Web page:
Eccentricity and linearity coefficient of the magnetization curves of cylindrical Co/Cu/Co trilayer systems of diameters 50, 100 and 200 nm characterized by an easy-axis oriented along the z direction. Colors represent the value of eccentricity and linearity coefficient while the cross markers placed at the left bottom corners of the tone squares univocally intercept the thickness value of the system’s Co and Cu layers.

3.3. Systems witheasy-axisin the zdirection

Respectively the figures 5 and 6 show, as a function of d, tCu and tCo, the saturation field (Hsat), the eccentricity and the linearity coefficient of the magnetization curves of systems with diameters 50 nm, 100 nm and 200 nm and characterized by an easy-axis oriented along the z direction. Particularly, the eccentricity is defined here as the ratio between the intensity of the coercive and saturation fields, and the linearity coefficient is the Pearson product-moment correlation coefficient calculated from the simulated values of magnetization and the respective applied field ones within the dynamic range defined from - Hsat and Hsat(Rodgers & Nicewander, 1988). Figures 5 and 6 represent a database of parameters to choose from when a magnetic sensor of this type has to be designed for custom applications. It is apparent that, according to the envisaged application, the best design choice is a trade off among the magneto-resistive ratio, the Hsat (linked to the sensor dynamic range), the eccentricity and the linearity of the magnetization curve which have to be respectively minimized and maximized to avoid massive electronic post-corrections. In Figure 7 themagneto-resistive ratio of Co/Cu/Co trilayer systems, calculated from the Fert and Valet model is reported for the convenience of the sensor designer (Valet & Fert, 1993; Fert et al., 1994).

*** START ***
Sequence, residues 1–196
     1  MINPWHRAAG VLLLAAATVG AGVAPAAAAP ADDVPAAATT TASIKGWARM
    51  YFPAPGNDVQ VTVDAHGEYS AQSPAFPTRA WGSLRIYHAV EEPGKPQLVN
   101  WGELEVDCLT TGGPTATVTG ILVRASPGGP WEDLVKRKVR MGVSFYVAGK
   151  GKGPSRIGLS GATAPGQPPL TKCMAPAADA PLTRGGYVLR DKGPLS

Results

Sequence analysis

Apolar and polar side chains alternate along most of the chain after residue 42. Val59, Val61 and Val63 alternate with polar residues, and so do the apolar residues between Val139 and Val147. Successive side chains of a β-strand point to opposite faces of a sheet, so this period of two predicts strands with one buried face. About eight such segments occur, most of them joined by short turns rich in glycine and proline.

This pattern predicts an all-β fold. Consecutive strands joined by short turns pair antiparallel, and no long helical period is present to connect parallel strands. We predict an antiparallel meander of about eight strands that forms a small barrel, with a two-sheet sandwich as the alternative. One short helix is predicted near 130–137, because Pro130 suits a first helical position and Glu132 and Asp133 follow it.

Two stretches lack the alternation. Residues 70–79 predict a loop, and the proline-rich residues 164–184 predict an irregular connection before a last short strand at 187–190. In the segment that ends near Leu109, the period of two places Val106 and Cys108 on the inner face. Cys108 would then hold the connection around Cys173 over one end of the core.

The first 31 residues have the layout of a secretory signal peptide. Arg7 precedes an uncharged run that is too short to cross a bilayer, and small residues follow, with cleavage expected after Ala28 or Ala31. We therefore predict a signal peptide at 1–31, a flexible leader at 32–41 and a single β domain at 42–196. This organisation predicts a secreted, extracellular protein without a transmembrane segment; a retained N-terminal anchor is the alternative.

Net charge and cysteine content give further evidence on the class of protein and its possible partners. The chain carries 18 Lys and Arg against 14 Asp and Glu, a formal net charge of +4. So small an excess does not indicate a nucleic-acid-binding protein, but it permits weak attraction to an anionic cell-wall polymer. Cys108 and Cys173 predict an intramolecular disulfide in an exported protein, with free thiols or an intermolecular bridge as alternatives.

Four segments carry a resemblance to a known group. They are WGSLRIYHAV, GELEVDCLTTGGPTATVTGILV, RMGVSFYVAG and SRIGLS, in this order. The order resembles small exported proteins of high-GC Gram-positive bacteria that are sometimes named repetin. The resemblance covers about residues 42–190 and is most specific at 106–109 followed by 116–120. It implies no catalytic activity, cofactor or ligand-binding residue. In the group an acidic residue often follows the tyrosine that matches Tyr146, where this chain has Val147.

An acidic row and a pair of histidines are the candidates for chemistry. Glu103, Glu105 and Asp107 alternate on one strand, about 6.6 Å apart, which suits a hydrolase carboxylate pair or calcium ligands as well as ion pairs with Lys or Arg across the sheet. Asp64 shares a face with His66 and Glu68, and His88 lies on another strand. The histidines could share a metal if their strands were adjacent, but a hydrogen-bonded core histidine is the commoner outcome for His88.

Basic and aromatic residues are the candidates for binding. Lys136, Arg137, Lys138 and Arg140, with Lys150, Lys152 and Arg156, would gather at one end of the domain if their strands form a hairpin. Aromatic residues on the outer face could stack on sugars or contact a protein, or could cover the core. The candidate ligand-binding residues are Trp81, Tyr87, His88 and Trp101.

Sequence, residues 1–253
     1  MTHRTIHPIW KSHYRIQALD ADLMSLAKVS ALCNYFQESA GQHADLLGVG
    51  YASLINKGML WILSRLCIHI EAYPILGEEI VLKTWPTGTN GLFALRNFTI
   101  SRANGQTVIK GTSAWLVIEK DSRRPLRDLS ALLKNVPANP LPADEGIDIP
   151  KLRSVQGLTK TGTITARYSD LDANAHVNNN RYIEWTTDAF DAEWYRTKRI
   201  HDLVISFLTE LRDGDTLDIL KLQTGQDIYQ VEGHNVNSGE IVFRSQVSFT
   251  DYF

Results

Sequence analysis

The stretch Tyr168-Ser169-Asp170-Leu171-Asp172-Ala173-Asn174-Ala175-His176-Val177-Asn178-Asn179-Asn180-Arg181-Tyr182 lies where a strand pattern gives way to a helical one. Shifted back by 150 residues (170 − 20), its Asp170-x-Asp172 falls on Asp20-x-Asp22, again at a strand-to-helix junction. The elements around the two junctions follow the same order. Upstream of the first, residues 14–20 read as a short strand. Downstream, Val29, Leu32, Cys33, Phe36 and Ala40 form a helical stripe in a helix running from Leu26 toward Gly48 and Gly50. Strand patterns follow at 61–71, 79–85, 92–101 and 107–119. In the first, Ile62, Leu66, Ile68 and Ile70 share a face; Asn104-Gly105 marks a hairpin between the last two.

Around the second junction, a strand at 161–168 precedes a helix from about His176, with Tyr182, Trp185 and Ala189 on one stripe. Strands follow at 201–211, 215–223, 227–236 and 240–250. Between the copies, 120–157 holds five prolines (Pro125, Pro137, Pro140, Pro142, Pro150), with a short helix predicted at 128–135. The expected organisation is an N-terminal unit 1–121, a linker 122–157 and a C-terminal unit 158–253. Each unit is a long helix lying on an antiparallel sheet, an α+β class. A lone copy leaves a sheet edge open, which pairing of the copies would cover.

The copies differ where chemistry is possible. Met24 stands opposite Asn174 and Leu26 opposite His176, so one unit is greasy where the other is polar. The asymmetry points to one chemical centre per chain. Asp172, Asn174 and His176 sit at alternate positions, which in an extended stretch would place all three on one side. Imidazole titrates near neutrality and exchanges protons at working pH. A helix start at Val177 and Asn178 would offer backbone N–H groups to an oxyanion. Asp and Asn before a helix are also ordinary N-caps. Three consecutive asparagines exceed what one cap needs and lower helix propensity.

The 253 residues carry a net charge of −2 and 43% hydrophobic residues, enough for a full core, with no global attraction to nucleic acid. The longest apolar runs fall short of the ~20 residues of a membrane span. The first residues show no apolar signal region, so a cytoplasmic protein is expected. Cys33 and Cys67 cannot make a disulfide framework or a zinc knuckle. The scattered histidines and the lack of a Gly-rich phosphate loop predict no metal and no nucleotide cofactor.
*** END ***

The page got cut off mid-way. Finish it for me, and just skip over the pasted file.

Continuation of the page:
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Figure 7.

Magneto-resistive ratio as a function of the Co and Cu layer thicknesses. The mesh’s intersection points of the 3D surface depicted correspond to the geometrical parameters of the systems considered.

3.4. From the trilayer to the multilayers